Craig Bain’s head has been stuck in the clouds since he was a child.
For years, the Alexandria man, 37, has been interested in flying. But it was only three years ago that he enrolled in a flight instructor class at Manassas’ Dulles Aviation.
“I think it’s like a lot of people,” he said. “It’s something I wanted to do for a long time. And I finally had the gumption.”
New statistics from the Federal Aviation Administration and Aircraft Owners and Pilots Association, which is based in Frederick, Md., suggest that terrorism fears and a souring economy have not prevented flying lovers, like Bain, from following their dreams.
The most recent numbers show flight school registration is up more than 2 percent over last year.
“Looking at all the trend information, it’s safe to say the new pilot numbers had a growing trend after Sept. 11,” said Keith Mordoff, an AOPA spokesman.
In fact, new security restrictions at commercial airports may have helped contribute to the increase, Mordoff said.
Jim Stone, the director of Manassas Aviation Center, still remembers how flight restrictions in the Washington area hurt his business right after Sept. 11.
But now, prospective students are lining up, just like before. Depending on the season, the school usually has 20 to 50 students.
Before Sept. 11, Dulles Aviation was enjoying an all-time high in enrollment. From 1999 to 2001, the school was averaging about 250 students per year, up from 150 to 175 students in previous years.
It took until April for the school to see its number of students fall off. Now, the school is training about the same amount of students it was last year, says Jennifer Murdock, flight school administrator.
“It just amazes me that the number of students is where it was before. And I’m glad that it is,” she said.
For the most part, business has returned to normal for flight schools at Manassas Regional Airport.
At Dulles Aviation, training for a private pilots’ license costs up to $6,000. Murdock estimates that nationwide it takes about $30,000 to $40,000 for a person to get the ratings and certification needed to become a commercial airline pilot.
Schools are split half and half between those wanting to learn to fly for fun and those who want to fly commercial airlines someday.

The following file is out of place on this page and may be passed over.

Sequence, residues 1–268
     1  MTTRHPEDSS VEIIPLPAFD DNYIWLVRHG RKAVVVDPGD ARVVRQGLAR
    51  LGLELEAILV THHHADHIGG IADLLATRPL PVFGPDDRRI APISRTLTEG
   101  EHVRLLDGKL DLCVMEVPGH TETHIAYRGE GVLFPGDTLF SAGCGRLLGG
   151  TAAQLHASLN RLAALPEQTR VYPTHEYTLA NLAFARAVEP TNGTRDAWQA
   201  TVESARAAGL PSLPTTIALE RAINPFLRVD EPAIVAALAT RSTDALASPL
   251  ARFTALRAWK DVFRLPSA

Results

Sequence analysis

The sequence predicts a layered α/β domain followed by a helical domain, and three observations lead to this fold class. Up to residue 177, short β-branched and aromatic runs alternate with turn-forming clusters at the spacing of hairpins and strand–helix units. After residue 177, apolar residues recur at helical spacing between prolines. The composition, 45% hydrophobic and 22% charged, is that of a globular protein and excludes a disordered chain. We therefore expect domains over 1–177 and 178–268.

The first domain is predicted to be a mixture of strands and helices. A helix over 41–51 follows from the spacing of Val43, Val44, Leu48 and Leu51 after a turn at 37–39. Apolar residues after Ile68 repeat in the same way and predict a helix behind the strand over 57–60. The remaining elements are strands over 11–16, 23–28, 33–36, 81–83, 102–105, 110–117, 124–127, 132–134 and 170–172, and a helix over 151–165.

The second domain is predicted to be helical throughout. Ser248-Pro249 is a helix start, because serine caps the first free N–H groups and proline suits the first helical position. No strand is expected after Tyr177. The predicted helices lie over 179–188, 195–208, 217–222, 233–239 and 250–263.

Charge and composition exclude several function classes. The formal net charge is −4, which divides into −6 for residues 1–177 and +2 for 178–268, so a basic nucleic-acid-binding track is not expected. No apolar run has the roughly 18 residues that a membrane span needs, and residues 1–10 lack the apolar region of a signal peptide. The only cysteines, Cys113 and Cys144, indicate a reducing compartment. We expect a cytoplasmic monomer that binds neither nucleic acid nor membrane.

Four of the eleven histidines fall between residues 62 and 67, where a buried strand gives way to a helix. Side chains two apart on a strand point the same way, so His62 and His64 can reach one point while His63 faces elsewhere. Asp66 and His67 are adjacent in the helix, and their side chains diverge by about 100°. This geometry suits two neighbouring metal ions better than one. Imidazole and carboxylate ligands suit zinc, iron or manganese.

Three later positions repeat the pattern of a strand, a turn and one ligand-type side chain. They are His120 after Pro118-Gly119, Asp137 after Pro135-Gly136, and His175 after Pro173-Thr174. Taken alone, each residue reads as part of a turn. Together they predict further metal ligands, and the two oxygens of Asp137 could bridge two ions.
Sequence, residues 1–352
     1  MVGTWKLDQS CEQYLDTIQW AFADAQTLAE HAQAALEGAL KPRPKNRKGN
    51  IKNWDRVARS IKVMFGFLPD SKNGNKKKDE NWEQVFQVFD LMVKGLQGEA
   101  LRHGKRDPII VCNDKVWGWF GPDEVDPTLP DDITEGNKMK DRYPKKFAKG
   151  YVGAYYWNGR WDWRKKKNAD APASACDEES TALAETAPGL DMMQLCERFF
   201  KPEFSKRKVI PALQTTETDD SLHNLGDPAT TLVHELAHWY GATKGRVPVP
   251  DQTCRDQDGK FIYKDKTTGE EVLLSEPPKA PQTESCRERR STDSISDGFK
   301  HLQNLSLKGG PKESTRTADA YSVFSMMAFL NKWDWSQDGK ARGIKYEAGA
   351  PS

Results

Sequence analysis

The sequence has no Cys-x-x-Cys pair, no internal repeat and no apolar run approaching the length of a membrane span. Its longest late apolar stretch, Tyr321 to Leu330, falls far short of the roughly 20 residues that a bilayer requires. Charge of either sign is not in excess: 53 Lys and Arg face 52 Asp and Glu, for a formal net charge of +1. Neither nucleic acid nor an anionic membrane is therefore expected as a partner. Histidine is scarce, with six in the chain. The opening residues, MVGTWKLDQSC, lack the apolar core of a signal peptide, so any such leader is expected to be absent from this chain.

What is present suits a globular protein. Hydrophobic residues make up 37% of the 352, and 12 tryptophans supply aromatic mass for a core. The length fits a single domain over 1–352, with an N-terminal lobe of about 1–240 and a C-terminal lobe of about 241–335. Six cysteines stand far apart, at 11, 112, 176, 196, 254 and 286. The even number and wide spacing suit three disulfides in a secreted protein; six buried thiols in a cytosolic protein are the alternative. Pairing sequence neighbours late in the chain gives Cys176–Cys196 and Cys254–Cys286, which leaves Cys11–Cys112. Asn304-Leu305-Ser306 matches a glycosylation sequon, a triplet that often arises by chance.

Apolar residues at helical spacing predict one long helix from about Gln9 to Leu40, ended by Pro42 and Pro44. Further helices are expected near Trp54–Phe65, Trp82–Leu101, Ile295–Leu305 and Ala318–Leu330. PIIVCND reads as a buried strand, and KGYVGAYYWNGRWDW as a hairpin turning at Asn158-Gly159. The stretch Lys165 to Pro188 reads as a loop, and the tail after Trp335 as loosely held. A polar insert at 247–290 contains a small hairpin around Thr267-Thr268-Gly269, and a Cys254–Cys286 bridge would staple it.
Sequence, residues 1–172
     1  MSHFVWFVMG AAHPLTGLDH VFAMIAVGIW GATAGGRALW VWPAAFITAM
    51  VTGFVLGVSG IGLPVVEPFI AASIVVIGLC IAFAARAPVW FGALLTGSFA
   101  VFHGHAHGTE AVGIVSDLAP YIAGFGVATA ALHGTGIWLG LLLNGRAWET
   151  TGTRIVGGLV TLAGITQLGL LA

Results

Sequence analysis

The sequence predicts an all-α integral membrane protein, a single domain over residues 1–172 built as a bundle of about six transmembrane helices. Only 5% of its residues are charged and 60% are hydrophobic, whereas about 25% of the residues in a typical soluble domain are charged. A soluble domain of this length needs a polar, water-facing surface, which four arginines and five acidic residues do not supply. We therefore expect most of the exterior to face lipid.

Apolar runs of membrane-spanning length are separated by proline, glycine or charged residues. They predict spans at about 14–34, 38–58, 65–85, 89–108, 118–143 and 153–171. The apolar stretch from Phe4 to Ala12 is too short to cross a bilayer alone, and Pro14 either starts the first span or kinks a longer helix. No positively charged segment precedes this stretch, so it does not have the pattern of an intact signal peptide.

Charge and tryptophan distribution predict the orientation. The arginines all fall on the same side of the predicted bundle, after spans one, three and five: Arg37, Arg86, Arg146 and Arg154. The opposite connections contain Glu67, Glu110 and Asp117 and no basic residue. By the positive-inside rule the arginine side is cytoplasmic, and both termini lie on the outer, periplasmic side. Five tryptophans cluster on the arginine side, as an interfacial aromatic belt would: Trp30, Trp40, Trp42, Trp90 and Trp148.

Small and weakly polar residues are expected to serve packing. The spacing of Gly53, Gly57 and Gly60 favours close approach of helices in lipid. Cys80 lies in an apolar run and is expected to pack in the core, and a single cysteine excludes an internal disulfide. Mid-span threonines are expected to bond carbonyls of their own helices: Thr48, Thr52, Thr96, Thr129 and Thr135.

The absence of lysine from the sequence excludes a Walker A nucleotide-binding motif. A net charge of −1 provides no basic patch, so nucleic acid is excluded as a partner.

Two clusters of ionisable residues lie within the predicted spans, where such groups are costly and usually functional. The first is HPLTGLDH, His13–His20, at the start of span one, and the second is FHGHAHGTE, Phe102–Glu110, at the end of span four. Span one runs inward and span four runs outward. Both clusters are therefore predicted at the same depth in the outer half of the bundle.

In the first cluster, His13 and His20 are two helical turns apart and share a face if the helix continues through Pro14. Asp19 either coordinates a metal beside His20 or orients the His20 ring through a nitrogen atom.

Business travelers who are tired of waiting in long security lines are deciding that it might be easier to do the flying themselves, Mordoff added.
“With the travel hassles of the airlines, a lot of people are saying, ‘With the type of travel I do, this might not be a bad idea,'” Mordoff said.
Learning to fly an airplane is not an easy task. Step inside a beginners’ airplane, such as a Cessna 172, and the sheer diversity of instruments, arrows and dials will blow the mind.
Flying, Stone said, is simply a wonderful thing.
“It’s great. It’s enjoyable,” he said.
Before Sept. 11, almost every person earning certification was immediately hired by the airlines. Many pilots in the industry are baby boomers who signed up after the Vietnam War. The retirement rate is now high.
With the airlines now suffering, only a third of those walking out of the school are finding jobs.
“They’re hoping the same thing that we’re all hoping for, that the airlines come back,” Murdock said.
Just Friday, Ammaar Ashraf, a 24-year-old flight instructor at the company, learned that he had been hired by Atlantic Coast Airlines.
Ashraf, who was born in Great Britain, remembers first being dazzled by airplanes while flying with his family as a child.
Many pilots have similar stories, Bain says.
“Everyone seems to know it early in life,” he said.
Staff writer Chris Newmarker can be reached at (703) 368-3101, Ext. 119.